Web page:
GLOBAL - A joint venture involving the Qatari sovereign wealth fund's $1bn (€690m) property subsidiary has acquired London's Olympic Village for £557m, defeating a rival £1bn bid headed by the UK's Wellcome Trust to buy the freehold of the Olympics site.
The deal will give Qatari Diar and joint-venture partner UK developer Delancey an equal stake in 1,439 residential units next to the Olympics site, as well as six plots with development potential for 2,000 additional units.
The existing units have been identified for long-term rental. The deal also includes a future public-sector profit-share.
Triathlon Homes, a social housing joint venture between a financial investor and two housing associations, has already acquired 1,379 units earmarked for low-cost housing on the site.
Delancey chief executive Jamie Ritblat described the UK's fragmented residential market as a "huge opportunity".
In an email, he said leasing units to individual tenants on shorthold tenancies, simultaneously enabling the JV partners to satisfy demand for high-quality, long-term rental properties and generate long-term revenue streams for the investors.
"There is potential for strong earnings growth, as a result of the macro market outperforming, but also because we are aiming to offer a new standard of rental accommodation and service in a first-class, highly accessible location," he said.
Asked whether the UK's home-owning culture presented a risk to the rental model, he said: "There are risks in any business model, but a combination of lack of supply of quality new homes, an ever-growing number of households in London, a constrained mortgage market and perhaps an emerging cultural change that home-owning isn't the only way to enjoy a long-term home all point to the likely success of a long-term rental model for an asset such as the Olympic Village."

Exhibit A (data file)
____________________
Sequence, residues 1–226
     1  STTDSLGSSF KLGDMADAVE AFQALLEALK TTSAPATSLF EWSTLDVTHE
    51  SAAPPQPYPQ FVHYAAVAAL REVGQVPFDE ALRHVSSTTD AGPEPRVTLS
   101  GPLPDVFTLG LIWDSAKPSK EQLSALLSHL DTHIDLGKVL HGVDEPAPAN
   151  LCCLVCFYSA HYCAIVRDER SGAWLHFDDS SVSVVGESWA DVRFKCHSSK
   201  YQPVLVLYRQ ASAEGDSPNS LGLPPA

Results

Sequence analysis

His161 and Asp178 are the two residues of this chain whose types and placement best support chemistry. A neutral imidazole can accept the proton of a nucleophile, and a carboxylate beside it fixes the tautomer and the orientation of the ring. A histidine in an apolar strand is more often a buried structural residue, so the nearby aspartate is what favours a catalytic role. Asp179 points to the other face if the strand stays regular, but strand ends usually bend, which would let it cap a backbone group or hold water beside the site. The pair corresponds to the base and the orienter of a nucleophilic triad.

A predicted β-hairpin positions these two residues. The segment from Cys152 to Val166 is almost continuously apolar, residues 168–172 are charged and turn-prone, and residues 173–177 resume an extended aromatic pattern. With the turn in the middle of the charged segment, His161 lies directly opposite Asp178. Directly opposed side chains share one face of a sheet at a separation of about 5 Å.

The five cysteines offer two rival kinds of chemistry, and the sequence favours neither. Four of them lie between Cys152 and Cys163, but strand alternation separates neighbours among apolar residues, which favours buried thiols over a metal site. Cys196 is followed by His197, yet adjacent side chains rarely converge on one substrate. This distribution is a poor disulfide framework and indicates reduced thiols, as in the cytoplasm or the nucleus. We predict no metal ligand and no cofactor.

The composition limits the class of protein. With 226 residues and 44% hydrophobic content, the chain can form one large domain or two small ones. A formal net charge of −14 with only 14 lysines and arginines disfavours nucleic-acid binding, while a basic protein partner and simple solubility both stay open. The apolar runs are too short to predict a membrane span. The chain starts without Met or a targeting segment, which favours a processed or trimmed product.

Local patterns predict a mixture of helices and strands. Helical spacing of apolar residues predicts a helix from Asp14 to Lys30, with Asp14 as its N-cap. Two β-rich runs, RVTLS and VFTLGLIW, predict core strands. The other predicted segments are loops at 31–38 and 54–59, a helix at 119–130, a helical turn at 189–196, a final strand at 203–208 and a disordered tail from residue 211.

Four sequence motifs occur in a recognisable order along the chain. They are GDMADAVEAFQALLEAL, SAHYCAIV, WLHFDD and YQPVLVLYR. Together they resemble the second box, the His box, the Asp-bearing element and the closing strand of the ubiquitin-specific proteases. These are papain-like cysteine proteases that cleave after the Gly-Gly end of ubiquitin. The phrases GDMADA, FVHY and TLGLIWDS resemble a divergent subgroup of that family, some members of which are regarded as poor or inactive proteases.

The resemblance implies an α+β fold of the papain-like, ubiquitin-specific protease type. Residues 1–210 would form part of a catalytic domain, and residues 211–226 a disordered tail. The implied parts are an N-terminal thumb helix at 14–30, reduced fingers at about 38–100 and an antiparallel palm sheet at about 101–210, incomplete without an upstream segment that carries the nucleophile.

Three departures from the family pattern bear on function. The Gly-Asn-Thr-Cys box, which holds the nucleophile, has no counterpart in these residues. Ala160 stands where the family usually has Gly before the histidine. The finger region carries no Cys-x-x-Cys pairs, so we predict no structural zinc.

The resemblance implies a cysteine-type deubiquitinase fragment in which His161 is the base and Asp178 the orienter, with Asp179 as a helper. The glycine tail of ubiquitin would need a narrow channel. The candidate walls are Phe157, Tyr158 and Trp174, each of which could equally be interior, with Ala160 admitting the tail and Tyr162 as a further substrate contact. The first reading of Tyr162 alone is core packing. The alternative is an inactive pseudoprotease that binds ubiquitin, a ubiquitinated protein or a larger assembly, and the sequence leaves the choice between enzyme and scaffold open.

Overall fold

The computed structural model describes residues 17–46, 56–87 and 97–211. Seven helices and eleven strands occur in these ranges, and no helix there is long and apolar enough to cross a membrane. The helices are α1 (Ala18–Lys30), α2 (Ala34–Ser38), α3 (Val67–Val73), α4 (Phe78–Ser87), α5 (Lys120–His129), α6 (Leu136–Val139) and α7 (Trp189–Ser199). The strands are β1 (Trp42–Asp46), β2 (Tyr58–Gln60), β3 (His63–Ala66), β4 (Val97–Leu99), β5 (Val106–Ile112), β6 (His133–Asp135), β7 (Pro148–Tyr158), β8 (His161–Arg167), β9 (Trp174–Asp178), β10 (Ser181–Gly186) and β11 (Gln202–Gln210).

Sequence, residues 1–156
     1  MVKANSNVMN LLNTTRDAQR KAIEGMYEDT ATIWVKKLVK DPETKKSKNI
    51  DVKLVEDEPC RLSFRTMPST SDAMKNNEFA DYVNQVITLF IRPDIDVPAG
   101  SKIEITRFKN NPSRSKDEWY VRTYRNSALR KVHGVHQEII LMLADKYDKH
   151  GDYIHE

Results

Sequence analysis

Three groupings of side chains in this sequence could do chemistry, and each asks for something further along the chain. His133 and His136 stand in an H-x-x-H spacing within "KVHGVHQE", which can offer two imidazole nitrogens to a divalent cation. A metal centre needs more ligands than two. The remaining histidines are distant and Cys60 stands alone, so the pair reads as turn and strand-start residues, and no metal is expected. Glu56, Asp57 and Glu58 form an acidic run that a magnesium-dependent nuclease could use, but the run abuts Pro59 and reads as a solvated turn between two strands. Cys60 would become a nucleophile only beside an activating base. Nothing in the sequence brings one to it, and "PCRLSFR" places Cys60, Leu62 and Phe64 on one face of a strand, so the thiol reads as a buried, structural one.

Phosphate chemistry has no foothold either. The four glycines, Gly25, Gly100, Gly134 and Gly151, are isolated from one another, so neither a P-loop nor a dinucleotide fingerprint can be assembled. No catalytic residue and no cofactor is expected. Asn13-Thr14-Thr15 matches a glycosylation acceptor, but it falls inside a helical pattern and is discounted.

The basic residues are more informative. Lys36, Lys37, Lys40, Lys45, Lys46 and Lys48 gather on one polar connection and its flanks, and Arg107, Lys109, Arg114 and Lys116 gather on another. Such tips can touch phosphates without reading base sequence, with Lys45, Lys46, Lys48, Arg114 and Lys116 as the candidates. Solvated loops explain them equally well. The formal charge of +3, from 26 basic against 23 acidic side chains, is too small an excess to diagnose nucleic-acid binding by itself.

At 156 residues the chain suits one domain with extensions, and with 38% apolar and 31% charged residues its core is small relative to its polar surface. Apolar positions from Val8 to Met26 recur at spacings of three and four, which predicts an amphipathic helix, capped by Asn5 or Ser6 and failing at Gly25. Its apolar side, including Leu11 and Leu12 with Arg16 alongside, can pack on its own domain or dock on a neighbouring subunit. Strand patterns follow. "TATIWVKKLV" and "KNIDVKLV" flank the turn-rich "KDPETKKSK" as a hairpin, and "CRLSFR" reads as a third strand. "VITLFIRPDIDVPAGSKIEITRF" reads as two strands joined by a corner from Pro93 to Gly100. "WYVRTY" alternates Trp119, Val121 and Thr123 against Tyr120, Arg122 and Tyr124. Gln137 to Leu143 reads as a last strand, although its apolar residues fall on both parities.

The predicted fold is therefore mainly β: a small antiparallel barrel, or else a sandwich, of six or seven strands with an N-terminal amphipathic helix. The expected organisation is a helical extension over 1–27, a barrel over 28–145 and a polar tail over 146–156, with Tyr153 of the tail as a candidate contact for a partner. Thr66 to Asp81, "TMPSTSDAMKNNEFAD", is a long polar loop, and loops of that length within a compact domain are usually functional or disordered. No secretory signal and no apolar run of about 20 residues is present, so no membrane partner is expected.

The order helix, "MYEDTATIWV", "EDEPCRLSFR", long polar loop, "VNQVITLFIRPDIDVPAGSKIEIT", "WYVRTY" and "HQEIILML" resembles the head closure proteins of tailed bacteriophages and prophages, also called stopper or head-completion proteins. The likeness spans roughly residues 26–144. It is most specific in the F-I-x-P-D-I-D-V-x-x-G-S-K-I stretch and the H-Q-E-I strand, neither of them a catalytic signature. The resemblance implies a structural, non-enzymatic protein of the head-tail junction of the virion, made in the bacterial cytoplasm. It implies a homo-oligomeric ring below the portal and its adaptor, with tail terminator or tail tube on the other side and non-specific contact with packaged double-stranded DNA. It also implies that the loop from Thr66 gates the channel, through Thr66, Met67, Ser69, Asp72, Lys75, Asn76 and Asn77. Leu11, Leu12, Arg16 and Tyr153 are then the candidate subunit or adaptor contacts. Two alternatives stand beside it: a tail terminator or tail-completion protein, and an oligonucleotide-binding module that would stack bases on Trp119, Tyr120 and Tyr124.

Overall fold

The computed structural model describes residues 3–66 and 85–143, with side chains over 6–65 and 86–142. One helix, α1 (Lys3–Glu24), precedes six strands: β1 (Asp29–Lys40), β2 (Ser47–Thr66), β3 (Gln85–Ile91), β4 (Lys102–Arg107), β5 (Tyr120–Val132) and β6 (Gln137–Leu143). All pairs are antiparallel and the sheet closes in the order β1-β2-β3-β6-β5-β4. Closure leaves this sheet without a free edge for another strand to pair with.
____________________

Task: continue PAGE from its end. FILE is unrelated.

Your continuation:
In a statement, The Wellcome Trust, which had bid for the entire post-Olympics site, but with few specific proposals for the residential element, said it was disappointed the national and municipal governments had rejected its "holistic vision" for the site.
Qatari Diar already owns significant assets in the UK capital, including trophy asset the Shard and the US Embassy. It is also a joint-venture partner with Canary Wharf Group to redevelop the South Bank's Shell Centre.
However, the property subsidiary withdrew its development plan for the decommissioned Chelsea Barracks following alleged intervention by members of the British royal family that was exposed when developers on the project lodged a claim in the High Court.
Qatari Diar did not respond to requests to comment today. Local papers reported last month that it had replaced its chairman and cut 30 staff.